Not everyone’s holiday traditions are the same. Come November gift shopping becomes a highly disputed topic. Adventuresome folk look forward to Black Friday as a pre-dawn summons to joyful bargain seeking. Sort of like the bugle call at a fox hunt. Others find themselves on the side of the fox. When someone mentions, “Let’s go shopping”, they make a run for it, take cover, hide their tracks, and wait for the hunting party to pass. If you fall into the fox category, here’s a little insight on how to crack open the door on your seasonally self-imposed solitary confinement.
First of all, set yourself up with a retreat – sort of like a hunting lodge. When all the twinkly lights, bustling people, frantic fa-la-la’s, and shoulder bumping land you in a tightly-wound, claustrophobic puddle, relief is within arm’s reach. If your escape route involves locating your car on the 6th floor of a crowded parking garage and navigating it back home through 45-minutes of rain and idiot drivers, then you must like the sensation of shooting yourself in the foot as well. With a little advanced planning, shopping in Downtown Bellevue can be a breeze, and might even resemble a vacation.
With close proximity to The Bellevue Collection, The Bravern, and quaint Old Bellevue Main Street, the Hyatt is a perfect candidate for a refuge from a shopping overdose. Some readers may have just blurted out, “There’s no such thing as a shopping overdose!” I understand. Remember though, we’re trying to coax our timid foxes out into the open, if only for a brief chase.
Recently renovated with upscale northwest contemporary styling, the Hyatt embodies serene grandeur. My family used this hotel as the launch pad (hunting lodge) for our first shopping trek. With a couple of heel-dragging foxes in tow we attempted to head out into the fray but immediately deviated off course and into the Winter Garden skylit atrium. Who wouldn’t seize an opportunity to benefit from a quick dose of vitamin D while surrounded by lush bamboo? But with an explorer’s agenda we didn’t stay long.
Across the covered skybridge lay a movie theater, bowling alley, the new Chinese restaurant Din Tai Fung, and shopping opportunities abound. Further down Bellevue Way Dishcrawl was about to debut and the iPad mini demanded investigation inside the Apple store. Even my skittish family couldn’t deny that they were starting to get into the spirit of the downtown shopping experience.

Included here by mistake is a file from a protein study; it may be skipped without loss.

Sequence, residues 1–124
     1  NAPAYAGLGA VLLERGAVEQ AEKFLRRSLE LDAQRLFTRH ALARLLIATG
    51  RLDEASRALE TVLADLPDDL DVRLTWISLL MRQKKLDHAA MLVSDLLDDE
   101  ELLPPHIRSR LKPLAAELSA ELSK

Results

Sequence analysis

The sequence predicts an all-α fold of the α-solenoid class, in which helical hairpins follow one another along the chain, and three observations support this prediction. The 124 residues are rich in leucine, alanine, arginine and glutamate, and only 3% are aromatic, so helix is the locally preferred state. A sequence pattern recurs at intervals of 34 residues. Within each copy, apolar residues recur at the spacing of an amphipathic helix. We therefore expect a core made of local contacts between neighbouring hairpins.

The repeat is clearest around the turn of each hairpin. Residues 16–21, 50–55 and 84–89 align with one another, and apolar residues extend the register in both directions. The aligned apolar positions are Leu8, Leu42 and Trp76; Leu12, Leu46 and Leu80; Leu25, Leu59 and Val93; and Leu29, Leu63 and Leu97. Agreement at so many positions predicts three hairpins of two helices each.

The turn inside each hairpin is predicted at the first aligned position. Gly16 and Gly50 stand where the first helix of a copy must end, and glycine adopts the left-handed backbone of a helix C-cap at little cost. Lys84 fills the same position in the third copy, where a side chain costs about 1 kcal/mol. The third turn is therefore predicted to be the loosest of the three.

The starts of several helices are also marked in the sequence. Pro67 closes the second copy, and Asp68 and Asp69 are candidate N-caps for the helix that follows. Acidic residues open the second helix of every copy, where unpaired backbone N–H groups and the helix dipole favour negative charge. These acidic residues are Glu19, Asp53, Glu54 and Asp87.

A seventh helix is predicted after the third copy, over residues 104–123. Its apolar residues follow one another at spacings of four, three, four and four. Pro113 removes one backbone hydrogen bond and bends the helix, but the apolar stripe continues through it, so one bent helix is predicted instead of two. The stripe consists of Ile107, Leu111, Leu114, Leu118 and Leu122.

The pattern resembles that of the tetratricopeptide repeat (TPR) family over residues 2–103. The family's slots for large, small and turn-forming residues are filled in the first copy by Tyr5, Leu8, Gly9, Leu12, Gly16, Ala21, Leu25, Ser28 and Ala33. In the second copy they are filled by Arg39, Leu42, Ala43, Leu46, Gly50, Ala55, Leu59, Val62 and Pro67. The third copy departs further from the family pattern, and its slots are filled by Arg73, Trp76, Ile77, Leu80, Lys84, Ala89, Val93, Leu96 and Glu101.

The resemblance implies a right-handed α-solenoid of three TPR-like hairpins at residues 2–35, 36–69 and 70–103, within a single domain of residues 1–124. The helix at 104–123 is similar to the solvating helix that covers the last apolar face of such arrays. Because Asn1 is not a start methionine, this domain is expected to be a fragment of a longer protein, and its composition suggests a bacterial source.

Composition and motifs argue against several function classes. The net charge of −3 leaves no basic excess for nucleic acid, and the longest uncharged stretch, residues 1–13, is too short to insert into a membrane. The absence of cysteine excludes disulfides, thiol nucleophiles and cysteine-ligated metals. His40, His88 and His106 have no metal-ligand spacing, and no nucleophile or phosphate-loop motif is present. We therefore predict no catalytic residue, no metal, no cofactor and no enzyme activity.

A few hours later we reconvened back at the Hyatt and paused next to the soaring Koa wood walls to recharge our batteries. We quickly became mesmerized in the multi-dimensional effect of the vertical and horizontal grains unique to this Hawaiian wood. The buzz that had started to build pressure after several hours of dazzling visual stimuli began to dissolve within the peaceful warmth of the hotel’s interior.
The next morning, refreshed by plush accommodations the bugle sounded again, summoning us to once more join in the Downtown Bellevue experience. But first, we had to bolster our energy stores with breakfast at Eques. The restaurant’s manager, Erik Hannaway, pays fastidious attention to creating a comfortable atmosphere infused with sophistication. My children eagerly dug into the stuffed waffles that the adult in me interpreted as a beignet embellished with roasted seasonal pears and apples. You say waffle, I say utopia. Chef Jon Bishop came out with his northwest approach to Eggs Benedict. Nix the heavy hollandaise, give bacon the boot, and instead slide in some locally smoked salmon with a drizzle of light dill cream. Think globally, eat locally is my new motto thanks to Eques.
Holiday shopping does not have to be an overwhelming frenzy when done sensibly. The Annual Hunt can be satisfyingly carried out when balanced with nearby revitalizing accommodations and provisions. Consider this hunting strategy as December approaches when the nightly Snowflake Lane performances, the musicians at Bellevue Square’s Center Court, and the flurry of holiday activity all commence.